Last week I briefly noted Ted Cruz's dive-bomb trolling of the In Defense of Christians conference, an event intended to raise awareness of the plight of the Middle East's believers. Cruz was invited to speak; Cruz accepted; Alana Goodman reported that some of the players behind the conference were critics of Israel; Cruz showed up and started defending Israel, until boos gave him the chance to leave the stage.
My first response: Hey, smart move by Cruz. I called it a "Sister Souljah moment," embracing a trope that's always annoying; and Jonathan Bernstein was annoyed. "A true Republican Sister Souljah moment wouldn't involve taking on opponents of Israel," he argued. "Rather, it could be a smackdown of Republican-aligned fans of Israel who use extreme language."
Meanwhile, some great writers of the paleoconservative persuasion have explained exactly how cynical it was for Cruz to disrupt the conference. Jonathan Coppage grabbed audio of the entire speech—the part Cruz delivered, anyway. The boos, annotated by Coppage, grew louder as Cruz insisted that any enemy of Israel was an enemy of Christians.
In 1948, Jews throughout the Middle East faced murder and extermination and fled to the nation of Israel. And today, Christians have no greater ally than the Jewish state. [mixed applause, boos, “come on”] Let me say this, those who hate Israel, hates America. And those who hate Jews, hate Christians. And if this room will not recognize that, then my heart weeps, that the men and women here will not stand in solidarity with Jews and Christians alike who are persecuted by radicals [applause] who seek to — [applause]. If you hate the Jewish people you are not reflecting the teachings of Christ [applause]. And the very same people who persecute and murder Christians right now, who crucify Christians and behead Children are the very same people who target and murder Jews for their faith for the very same reason.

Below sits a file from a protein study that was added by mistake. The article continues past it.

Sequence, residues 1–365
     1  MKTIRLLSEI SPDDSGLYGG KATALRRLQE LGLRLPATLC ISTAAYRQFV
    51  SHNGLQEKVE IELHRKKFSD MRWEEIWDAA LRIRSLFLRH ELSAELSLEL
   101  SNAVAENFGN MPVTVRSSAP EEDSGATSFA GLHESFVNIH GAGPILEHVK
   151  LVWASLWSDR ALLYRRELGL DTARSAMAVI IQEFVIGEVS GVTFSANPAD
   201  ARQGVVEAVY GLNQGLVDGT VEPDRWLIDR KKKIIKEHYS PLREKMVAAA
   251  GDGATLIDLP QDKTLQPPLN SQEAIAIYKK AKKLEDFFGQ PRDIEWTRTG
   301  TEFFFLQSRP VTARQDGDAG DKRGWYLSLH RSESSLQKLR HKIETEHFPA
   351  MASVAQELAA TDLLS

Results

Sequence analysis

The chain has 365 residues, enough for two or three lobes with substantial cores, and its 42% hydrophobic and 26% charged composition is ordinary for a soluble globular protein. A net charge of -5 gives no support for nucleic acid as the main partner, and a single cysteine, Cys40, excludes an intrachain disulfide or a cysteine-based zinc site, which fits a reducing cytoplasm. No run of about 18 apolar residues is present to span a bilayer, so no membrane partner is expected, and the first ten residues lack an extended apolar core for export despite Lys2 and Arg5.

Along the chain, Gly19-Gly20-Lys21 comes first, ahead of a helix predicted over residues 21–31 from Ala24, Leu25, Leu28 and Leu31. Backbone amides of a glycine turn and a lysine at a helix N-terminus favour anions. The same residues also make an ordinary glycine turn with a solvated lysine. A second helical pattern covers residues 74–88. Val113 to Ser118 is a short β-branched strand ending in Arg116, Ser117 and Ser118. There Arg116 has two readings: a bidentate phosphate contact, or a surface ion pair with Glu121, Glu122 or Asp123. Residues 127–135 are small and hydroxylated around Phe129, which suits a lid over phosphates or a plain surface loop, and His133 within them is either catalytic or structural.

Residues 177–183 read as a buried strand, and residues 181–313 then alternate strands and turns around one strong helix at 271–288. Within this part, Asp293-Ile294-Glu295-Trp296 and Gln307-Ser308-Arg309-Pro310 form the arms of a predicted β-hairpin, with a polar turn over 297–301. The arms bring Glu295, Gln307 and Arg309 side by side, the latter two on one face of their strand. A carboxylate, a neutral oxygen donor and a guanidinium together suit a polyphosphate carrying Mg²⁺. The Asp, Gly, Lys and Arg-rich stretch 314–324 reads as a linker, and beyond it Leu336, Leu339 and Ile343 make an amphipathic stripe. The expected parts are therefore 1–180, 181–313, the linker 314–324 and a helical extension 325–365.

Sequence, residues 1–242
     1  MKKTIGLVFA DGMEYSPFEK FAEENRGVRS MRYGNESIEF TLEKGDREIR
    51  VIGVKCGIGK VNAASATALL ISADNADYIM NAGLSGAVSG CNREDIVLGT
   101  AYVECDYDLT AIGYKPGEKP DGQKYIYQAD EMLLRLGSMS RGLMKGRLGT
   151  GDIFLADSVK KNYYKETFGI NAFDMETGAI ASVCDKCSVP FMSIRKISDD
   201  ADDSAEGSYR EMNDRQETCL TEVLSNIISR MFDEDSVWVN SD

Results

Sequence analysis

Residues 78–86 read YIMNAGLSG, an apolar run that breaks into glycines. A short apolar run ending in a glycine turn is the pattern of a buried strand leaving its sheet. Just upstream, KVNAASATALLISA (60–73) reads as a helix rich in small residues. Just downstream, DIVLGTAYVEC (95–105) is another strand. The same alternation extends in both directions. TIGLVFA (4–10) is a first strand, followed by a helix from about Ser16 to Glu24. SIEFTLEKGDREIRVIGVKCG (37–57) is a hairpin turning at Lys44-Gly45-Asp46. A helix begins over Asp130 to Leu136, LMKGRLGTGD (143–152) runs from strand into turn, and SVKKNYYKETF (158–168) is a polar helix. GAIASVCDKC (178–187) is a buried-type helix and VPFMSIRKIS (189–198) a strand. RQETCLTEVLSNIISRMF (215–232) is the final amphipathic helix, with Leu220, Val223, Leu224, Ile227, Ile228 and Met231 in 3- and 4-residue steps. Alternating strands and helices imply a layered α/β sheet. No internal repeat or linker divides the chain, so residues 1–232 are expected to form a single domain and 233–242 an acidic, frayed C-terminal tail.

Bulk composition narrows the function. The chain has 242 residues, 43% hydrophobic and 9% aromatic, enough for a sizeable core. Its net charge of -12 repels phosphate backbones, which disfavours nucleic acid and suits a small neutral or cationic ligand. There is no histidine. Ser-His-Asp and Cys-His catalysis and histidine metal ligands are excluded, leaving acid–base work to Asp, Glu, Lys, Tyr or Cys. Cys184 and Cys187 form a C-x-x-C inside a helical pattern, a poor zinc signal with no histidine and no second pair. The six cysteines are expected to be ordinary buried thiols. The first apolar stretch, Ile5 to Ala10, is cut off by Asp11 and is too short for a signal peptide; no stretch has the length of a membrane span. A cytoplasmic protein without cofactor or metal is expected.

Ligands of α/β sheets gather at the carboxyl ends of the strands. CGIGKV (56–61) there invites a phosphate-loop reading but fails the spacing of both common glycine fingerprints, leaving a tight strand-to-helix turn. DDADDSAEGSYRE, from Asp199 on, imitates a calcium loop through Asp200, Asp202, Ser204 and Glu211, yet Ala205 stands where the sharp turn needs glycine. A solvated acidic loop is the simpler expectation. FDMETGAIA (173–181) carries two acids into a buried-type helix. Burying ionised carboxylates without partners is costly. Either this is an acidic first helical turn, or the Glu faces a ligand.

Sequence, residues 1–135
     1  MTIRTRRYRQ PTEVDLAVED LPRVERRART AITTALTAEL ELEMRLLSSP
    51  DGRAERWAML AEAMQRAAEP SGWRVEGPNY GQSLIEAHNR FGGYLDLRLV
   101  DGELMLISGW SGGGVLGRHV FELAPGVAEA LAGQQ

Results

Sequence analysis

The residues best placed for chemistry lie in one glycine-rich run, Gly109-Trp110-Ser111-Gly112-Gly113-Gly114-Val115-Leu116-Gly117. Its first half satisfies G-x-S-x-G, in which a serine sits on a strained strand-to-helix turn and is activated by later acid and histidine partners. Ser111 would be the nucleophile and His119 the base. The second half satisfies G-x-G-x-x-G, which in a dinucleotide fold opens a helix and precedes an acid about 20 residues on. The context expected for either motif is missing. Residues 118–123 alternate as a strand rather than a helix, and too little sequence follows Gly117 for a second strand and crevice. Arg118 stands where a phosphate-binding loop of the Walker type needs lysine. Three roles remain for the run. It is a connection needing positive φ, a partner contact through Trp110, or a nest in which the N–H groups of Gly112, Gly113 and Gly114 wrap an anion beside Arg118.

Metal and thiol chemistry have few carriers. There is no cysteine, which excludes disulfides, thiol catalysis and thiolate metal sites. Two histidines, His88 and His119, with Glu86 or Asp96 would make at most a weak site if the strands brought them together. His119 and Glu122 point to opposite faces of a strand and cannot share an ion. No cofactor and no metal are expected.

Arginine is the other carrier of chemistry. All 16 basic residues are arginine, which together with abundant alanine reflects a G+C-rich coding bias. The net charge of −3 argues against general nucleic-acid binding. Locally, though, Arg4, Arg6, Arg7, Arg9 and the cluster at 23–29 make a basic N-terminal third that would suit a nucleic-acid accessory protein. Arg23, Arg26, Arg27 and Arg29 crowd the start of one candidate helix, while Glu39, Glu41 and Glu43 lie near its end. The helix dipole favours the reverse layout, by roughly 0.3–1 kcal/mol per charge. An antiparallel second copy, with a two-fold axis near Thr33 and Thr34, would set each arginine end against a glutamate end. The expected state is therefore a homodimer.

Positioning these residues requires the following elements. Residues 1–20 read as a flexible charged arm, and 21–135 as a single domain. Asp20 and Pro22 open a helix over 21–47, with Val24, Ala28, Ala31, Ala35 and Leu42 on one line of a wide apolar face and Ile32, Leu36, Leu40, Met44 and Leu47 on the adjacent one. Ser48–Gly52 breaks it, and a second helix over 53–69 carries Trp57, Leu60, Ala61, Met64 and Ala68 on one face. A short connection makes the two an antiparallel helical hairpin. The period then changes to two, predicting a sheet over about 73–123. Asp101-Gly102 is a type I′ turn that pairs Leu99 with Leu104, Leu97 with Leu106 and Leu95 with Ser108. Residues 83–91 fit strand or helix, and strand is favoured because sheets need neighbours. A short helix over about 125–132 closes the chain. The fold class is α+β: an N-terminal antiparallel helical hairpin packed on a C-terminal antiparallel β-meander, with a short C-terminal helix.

As Michael Brendan Dougherty points out, Cruz was painting a unicorns-and-rainbows picture of an Israel that does not exist. "Israel has not been particularly helpful to Christians in the Middle East," wrote Dougherty. "One would imagine their 'greatest ally' would welcome Christian refugees escaping violence, or endeavor a military campaign to beat back the group that is crucifying and beheading them. The Kurds do those things. So do the Americans. The Israelis do not. No one should blame them for this, it is just the reality of their national interest. But neither should anyone claim anything more on their behalf."
If you zoom around the paleo blogs and magazines, you will hear many of these factual arguments against what Cruz did. My cynical point (less interesting, sure, than the contemporary geopolitics) is that this does not matter. Cruz wasn't talking to paleos, or Arab Christians. He was talking to the millions of conservatives—77 percent of them, and 70 percent of white evangelicals—who take Israel's side in any dispute. For them, extremism in defense of Israel is no vice.